Abuse, Authenticity, Being True To Yourself, Ethics, Kindness, Life, Love, Lovers, Morals, Obligations to Society, Poetry, Quality of Life, Relationships, Sexuality, Spirituality, Tomoko, Values

A Life Littered With Kindnesses

(About a 3 minute read)

For a while I thought you loved me
As much as I loved you.
By when I figured out the truth,
I’d been carried along by currents
Stronger than the both of us
Fifteen hundred miles to the West,
And I could no longer resent
Your lack of love, nor wish for it.

You wrote 54 letters to me that year
Begging me to return to our home,
And each one a bit crazier than the last.

But by then I was free of the cages
You had once made for me
And I was littering my life with kindnesses
While at the same time trying to efface
All other tracks of my passing.

I wanted to get a small cottage
Up in Manitou among mountains with rooms
That were not trued to a square,
With a garden to tend out back,
And then become a ghost to everyone,
Invisible in broad daylight,
Harming no one, you see.

When I was young the girls bored me,
Except for their beautiful bodies,
They bored me — I foolishly compared
Them to Einstein and Locke,
To Nietzsche and Feynman,
Found them wanting in their appreciation
For a good first order propositional calculus.
Then wondered why I felt lonely at nights,
And even lonelier in their presence during the day.
I’m not like that now.

The young women take me aside these days,
Ask me what the boys want,
Saying they’ll do anything to please the boys —
“Just tell me what I must become to them.”

Then I tell them in six ways
And repeat it twelve times:
“Be true to yourself”,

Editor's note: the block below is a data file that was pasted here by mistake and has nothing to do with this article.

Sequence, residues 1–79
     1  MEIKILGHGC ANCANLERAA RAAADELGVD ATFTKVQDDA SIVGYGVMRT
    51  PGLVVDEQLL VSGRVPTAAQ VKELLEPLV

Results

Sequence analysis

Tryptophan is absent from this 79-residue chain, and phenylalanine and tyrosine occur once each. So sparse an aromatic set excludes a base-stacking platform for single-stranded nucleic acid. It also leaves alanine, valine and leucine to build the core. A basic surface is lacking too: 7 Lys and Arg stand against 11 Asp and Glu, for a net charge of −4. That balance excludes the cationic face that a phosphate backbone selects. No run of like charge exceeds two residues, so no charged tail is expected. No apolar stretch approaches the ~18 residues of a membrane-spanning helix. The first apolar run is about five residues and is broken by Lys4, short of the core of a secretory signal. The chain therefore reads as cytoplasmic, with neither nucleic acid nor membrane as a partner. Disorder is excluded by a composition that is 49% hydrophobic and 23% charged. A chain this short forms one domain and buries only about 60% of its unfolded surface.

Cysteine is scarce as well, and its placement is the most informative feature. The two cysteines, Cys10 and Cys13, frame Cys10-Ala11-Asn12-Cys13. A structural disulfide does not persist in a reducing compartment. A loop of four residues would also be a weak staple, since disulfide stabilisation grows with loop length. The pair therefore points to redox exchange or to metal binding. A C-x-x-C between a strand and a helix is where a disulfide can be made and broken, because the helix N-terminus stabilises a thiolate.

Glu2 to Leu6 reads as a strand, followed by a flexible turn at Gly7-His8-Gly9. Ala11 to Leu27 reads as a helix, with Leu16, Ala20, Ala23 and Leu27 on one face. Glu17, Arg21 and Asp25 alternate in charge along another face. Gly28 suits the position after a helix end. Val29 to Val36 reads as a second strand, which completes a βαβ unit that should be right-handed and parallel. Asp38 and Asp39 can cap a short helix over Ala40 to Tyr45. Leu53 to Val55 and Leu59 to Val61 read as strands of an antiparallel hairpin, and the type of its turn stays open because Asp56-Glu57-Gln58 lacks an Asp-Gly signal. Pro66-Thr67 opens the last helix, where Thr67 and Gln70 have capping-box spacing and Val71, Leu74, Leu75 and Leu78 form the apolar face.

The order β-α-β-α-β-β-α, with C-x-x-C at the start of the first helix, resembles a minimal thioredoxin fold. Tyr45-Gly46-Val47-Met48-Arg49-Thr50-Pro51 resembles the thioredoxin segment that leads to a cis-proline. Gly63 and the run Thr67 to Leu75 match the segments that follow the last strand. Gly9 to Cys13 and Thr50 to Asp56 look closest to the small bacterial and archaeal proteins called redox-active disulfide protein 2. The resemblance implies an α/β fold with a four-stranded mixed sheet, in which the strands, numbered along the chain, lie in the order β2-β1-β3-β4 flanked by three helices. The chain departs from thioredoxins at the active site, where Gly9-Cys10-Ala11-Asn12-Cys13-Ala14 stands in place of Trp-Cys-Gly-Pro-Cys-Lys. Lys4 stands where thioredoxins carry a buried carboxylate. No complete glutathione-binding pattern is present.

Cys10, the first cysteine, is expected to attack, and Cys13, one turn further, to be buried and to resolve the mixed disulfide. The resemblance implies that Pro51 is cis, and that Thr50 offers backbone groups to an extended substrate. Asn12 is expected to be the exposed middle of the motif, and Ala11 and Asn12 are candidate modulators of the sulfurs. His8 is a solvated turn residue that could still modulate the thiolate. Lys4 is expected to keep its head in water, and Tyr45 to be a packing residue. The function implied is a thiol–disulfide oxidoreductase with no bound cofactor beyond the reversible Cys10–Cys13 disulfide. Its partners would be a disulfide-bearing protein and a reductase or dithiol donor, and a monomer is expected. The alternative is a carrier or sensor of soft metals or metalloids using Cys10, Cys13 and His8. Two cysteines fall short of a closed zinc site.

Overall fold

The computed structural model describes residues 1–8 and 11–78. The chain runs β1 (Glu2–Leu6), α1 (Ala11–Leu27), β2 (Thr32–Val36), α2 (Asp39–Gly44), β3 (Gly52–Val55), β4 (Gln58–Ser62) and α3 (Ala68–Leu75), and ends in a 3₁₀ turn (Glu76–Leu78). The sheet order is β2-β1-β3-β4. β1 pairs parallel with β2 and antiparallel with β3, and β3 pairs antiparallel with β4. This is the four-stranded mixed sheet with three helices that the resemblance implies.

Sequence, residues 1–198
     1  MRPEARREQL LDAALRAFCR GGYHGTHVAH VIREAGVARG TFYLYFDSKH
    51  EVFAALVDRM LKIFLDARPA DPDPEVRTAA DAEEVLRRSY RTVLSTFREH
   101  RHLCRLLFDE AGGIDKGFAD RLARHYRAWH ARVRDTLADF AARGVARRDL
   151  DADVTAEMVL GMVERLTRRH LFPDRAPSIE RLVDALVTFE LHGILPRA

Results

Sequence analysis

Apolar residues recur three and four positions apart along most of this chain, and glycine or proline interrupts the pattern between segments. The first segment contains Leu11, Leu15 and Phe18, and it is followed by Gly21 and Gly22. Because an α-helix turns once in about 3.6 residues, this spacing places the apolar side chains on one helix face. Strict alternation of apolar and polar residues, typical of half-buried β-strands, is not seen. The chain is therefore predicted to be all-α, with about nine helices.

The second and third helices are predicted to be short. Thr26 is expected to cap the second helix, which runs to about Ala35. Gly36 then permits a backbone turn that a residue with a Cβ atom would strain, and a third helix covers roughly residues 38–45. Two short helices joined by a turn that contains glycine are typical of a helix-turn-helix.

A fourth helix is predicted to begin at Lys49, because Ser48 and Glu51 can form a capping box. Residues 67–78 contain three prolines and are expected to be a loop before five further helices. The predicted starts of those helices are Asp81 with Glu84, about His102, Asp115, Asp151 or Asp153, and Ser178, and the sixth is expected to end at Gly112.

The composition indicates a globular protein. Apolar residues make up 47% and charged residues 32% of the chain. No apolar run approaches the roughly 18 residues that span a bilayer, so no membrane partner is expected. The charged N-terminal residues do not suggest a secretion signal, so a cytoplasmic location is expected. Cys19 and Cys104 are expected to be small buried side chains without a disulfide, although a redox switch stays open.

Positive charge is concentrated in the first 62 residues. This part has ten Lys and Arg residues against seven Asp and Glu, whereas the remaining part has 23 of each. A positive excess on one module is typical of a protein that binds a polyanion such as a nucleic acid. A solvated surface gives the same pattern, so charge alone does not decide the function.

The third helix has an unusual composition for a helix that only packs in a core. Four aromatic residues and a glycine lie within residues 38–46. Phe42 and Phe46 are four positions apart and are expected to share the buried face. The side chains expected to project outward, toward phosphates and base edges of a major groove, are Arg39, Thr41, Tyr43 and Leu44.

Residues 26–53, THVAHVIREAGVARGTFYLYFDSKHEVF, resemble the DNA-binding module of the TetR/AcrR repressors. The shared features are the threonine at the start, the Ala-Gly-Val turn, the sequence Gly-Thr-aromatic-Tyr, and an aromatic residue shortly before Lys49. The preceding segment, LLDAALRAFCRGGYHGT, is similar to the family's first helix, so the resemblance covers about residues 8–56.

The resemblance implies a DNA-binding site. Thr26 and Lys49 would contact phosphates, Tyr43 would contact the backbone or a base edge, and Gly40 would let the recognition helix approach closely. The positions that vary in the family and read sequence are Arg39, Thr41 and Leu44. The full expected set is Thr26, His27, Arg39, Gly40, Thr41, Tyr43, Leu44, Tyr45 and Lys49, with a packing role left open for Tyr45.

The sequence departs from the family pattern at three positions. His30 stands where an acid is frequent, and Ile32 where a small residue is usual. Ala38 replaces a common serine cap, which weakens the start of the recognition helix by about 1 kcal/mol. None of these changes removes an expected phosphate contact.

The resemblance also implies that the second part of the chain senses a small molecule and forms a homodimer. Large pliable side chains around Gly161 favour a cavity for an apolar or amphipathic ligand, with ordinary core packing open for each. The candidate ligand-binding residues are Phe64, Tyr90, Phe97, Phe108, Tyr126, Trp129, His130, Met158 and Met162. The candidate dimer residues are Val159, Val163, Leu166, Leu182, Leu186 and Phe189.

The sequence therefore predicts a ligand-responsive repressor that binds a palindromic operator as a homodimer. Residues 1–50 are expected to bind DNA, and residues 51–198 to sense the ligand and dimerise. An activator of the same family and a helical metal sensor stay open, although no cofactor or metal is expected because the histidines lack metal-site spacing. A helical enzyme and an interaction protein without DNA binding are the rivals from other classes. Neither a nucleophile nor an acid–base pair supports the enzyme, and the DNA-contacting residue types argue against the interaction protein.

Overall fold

“Be true to yourself”,
“Be true to yourself”,
And if you can, if it’s “you”,
Litter the boys with kindnesses
That you toss out, throw away,
Expecting nothing in return.

They don’t know and I don’t tell them,
I learned that from you.
But by subtraction, so to speak.
Kindness was the last thing
You ever showed
Without soon sending along a bill for it
That you never thought was paid gracefully
Or on time.

If I could I’d take the young women and men
Into my care, teach them the arts of love.
How to treat each other with dignity and respect,
How to encourage each other to be authentic,
How to give each other room to grow,
And how not to cling, not to possess,
Not to own.

I didn’t make it to Manitou
But I have my cottage now,
And I’m not quite invisible,
But I don’t harm many these days.

You don’t write to me now,
And I suspect you’re dead
Having killed yourself
Like you promised you would
In your last letter to me
If I did not return on time.

You who despite it all
Were a true love of mine.

6 thoughts on “A Life Littered With Kindnesses”

      1. That is interesting. I was emotionally manipulated by my ex, not abused. I forgive him… I want the best for him… But I’m not sure if I would say I still love him. What I feel for him might be closer to pity than anything.


      2. Understandable. In my case, I felt no pity for her. Rather concern about how she’d manage. I mean, she was so obviously dysfunction in certain ways.

        Then too, I knew both that she’d been abused as a child, and that she quietly thought of herself as a basket case. I suspect that helped.

        One note of caution though, what I felt for her was love, not dependency. By the time I left her, I was no longer emotionally dependent on her at all.


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